On Fri, Feb 03, 2006 at 07:09:06PM +0100, Konrad Rosenbaum wrote:
Consequently one would also need to scrap the logic that a signature is
invalid if it predates the key (that's somewhere in RFC2440).
I disagree. I'm merely advocating moving the key creation time into the self
signature, which is the only obstacle to forgery anyway:
If you give me a signed document that predates the key along with that key,
I can change the date in the key, re-calculate the hash, change the
reference to the key in the signature and voila, I have a valid signature,
without access to any private info. The only thing stopping me is the
self-signature on the key, which also hashes the key creation date. So, that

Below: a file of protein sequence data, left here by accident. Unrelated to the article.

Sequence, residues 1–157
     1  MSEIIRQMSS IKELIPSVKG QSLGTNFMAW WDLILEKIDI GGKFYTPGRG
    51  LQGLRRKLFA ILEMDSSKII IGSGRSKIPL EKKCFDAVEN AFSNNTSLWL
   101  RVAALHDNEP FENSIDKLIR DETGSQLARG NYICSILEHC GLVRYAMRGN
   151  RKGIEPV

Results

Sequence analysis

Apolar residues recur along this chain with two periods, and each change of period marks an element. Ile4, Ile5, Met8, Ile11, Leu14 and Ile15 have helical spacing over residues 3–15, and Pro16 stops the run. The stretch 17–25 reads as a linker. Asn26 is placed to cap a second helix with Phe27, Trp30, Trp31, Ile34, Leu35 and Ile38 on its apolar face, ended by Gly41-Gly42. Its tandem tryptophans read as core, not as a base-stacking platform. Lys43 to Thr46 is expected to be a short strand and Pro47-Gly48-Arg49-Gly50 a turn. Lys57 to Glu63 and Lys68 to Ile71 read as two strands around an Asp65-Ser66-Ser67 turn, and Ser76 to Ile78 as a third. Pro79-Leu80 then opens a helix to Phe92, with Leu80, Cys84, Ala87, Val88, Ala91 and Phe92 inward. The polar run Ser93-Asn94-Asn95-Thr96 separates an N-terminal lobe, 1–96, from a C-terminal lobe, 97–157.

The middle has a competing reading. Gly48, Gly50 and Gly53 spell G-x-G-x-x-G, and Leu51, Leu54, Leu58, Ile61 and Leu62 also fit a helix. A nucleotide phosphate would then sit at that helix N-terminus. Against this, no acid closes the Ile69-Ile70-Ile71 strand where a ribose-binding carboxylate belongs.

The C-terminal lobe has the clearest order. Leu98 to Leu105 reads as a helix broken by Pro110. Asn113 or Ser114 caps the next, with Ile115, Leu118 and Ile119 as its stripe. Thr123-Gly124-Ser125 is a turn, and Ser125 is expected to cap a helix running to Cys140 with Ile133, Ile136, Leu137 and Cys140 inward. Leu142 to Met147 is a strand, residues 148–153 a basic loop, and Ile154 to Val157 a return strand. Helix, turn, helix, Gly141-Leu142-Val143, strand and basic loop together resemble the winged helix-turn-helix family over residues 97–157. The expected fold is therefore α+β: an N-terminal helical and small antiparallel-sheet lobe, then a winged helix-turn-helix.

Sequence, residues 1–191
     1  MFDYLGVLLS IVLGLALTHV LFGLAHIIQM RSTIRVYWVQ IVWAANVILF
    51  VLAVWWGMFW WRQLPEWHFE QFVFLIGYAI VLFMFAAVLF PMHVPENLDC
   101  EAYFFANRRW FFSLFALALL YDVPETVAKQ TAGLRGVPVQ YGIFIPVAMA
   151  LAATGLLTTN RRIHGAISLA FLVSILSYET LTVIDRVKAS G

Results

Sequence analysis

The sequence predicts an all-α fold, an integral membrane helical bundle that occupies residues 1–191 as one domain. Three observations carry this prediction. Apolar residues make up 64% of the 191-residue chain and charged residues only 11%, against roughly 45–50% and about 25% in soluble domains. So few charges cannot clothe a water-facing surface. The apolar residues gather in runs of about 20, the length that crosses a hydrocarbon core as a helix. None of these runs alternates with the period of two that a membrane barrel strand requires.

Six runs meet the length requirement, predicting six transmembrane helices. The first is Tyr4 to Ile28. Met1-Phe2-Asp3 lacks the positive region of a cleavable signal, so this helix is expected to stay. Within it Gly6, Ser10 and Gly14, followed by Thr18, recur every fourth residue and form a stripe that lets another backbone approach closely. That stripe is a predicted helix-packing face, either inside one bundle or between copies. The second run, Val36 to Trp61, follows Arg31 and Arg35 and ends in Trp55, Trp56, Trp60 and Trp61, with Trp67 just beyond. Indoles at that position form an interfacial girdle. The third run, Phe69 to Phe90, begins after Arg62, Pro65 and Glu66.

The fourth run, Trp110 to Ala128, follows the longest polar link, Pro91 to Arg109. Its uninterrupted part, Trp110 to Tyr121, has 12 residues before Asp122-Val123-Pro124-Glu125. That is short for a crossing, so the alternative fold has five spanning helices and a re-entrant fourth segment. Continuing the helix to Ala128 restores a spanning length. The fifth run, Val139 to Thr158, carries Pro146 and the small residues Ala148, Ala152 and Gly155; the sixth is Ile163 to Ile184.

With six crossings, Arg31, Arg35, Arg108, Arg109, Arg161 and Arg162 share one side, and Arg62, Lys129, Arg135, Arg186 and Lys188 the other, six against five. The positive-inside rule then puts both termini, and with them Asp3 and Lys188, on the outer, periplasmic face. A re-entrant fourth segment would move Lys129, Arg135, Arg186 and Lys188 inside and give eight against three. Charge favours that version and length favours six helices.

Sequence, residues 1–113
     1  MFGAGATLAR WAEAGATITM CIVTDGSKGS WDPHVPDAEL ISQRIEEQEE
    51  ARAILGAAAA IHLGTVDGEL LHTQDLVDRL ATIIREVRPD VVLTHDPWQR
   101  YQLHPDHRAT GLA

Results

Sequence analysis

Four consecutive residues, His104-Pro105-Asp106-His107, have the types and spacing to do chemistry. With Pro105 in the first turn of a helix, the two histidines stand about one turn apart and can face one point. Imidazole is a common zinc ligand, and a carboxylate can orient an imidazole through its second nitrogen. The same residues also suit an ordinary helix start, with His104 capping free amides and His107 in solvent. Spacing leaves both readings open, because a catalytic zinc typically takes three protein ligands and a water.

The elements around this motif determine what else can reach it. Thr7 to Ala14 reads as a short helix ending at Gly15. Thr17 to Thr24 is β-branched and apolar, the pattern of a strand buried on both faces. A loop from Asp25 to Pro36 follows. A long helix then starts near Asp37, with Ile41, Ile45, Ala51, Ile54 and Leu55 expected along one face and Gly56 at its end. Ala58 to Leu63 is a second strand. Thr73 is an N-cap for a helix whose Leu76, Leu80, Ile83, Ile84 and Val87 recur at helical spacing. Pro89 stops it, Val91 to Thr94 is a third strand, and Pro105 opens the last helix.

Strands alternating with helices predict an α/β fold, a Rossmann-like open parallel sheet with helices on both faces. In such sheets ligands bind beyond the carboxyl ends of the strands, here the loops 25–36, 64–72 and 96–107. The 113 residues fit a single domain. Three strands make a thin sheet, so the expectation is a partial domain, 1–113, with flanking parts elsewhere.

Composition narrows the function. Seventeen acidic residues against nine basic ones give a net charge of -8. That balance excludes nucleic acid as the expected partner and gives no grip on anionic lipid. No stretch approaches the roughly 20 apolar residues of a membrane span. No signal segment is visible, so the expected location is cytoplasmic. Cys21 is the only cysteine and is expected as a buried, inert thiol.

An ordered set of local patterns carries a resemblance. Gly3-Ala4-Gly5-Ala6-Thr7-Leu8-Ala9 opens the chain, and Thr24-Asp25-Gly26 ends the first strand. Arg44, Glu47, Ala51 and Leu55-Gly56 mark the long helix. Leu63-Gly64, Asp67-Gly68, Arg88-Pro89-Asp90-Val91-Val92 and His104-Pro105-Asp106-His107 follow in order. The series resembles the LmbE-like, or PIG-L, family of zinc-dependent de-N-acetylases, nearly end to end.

self-signature is the real cryptographic protection, not the reference in the
document signature. Thus, one does not reduce security a bit by moving the key
creation date into the self-signature. That is where it belongs.
Why not: hash the _complete_ public key packet _as_is_ without any
The computational load of hashing a few bytes more and of slicing them first
should be about identical.
It is very easy to implement (read as: less potential security holes through
programming mistakes and higher interoperability).
It is much more resistant against upcoming attacks than a selective model.
I agree. This is why I am calling for throwing the key creation date out
of the key packet. The key packet should only contain an algorithm identifier,
the key material and possibly deterministic functions thereof.